The Journal of Extension -

February 2010 // Volume 48 // Number 1 // Tools of the Trade // 1TOT5

The Sky's the Limit: Integrating Geospatial Tools with Pre-College Youth Education

Geospatial tools, which include global positioning systems (GPS), geographic information systems (GIS), and remote sensing, are increasingly driving a variety of applications. Local governments and private industry are embracing these tools, and the public is beginning to demand geospatial services. The U.S. Department of Labor (DOL) reported that the pool of geospatial professionals is unable keep up with demand. It is important that pre-college educators begin implementing these tools in the classroom to stimulate the educational pipeline. Twenty-four teachers from Fairfax, Virginia were involved in an educational approach that integrates GIS with civic and environmental education.

John McGee
Virginia Geospatial Extension Specialist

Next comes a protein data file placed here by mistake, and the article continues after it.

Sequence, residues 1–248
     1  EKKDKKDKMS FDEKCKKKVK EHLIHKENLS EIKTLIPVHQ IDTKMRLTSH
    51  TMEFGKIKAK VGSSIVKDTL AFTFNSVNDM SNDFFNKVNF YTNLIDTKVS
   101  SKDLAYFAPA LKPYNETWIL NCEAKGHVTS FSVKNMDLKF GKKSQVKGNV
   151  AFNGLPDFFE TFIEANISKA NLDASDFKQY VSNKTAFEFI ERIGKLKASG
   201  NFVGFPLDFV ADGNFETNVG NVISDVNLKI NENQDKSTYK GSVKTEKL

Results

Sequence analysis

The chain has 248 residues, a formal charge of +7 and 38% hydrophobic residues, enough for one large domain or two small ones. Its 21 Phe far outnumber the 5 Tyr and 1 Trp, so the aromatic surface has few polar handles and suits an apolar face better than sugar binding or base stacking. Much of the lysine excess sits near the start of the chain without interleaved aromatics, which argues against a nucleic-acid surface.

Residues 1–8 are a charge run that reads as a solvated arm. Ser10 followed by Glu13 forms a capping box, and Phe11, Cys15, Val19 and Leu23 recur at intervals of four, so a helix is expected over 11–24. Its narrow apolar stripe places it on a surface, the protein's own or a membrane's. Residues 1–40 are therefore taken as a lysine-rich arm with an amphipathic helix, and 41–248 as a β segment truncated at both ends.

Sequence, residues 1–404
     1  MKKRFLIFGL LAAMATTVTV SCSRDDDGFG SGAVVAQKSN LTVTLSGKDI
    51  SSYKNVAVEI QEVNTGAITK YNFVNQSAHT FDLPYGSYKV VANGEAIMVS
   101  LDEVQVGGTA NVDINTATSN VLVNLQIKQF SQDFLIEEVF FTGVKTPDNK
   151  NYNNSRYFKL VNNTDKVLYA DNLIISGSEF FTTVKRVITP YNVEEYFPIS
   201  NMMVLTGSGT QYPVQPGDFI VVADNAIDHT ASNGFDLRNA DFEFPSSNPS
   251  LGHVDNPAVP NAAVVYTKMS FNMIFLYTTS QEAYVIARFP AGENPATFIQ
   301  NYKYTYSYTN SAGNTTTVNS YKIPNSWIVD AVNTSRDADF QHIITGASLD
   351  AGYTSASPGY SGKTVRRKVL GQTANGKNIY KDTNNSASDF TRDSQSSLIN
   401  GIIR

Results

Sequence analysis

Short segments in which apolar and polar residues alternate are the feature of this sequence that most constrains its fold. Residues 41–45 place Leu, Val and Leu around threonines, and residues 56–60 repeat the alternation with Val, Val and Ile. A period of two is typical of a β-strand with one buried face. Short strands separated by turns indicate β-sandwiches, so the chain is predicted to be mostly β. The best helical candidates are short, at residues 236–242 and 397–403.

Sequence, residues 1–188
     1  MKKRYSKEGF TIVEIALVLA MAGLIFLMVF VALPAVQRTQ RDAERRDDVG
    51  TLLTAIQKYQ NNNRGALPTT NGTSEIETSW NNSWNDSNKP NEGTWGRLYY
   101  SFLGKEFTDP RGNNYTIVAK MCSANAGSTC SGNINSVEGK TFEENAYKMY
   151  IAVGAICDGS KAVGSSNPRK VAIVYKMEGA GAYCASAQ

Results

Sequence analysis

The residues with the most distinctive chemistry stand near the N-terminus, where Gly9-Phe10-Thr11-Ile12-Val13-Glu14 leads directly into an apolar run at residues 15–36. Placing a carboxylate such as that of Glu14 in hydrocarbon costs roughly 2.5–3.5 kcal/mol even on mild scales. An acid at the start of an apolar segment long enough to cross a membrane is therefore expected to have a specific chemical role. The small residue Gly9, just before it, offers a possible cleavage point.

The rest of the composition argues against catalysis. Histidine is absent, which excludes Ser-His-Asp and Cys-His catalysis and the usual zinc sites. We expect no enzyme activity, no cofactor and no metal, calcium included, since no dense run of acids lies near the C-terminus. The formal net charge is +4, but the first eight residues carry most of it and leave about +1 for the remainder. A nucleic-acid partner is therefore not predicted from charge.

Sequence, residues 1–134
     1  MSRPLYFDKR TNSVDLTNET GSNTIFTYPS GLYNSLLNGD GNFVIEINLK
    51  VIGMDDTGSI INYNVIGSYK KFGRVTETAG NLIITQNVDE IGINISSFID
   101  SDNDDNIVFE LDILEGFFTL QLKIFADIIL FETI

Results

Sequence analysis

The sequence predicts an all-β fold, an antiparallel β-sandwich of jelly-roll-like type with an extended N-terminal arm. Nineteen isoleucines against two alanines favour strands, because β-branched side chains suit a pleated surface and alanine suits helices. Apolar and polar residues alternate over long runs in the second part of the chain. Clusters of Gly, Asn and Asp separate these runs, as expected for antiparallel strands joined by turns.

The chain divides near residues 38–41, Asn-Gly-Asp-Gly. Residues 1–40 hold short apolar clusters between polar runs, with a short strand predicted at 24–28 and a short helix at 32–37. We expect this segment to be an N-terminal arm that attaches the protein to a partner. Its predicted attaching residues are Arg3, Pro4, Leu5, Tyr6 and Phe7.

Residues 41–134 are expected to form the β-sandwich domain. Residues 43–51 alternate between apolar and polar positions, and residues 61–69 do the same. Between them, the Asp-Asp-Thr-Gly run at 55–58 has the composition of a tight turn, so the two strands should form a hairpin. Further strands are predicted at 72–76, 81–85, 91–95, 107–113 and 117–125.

Department of Forestry

Jeff Kirwan
Youth Education Specialist
Department of Forestry

Virginia Tech
Blacksburg, Virginia


Geospatial tools, which include the use of Global Positioning Systems (GPS), geographic information systems (GIS) and remote sensing, are permeating almost every facet of society (Tomlinson, 2003; Gewin, 2004). These mapping and analysis tools were once confined to specialists and researchers. However, continued strong employment demand for a geospatial literate workforce, free software applications, and user-friendly Internet mapping services (including GoogleEarth and VirtualEarth) continue to fuel the public's acceptance and appetite for geospatial services (Butler, 2006; Marble, 2006).

In 2003, the U.S. Department of Labor (DOL) maintained that the geospatial industry (along with nanotechnology and biotechnology) was one of the three fastest emerging fields (Gewin, 2004). Furthermore, through a survey (n = 274), Settlage, Odom, and Pedersen (2004) identified a GIS knowledge gap between the desired knowledge levels of science teachers and their existing knowledge levels. Pre-college geospatial awareness and education are vital to support the higher educational pipeline that will ultimately fuel an array of applications and industry sectors, including natural resource management, agriculture, economic development, planning, engineering, transportation, tourism, public safety, and health. Mila (2005) provided examples of several geospatial application areas.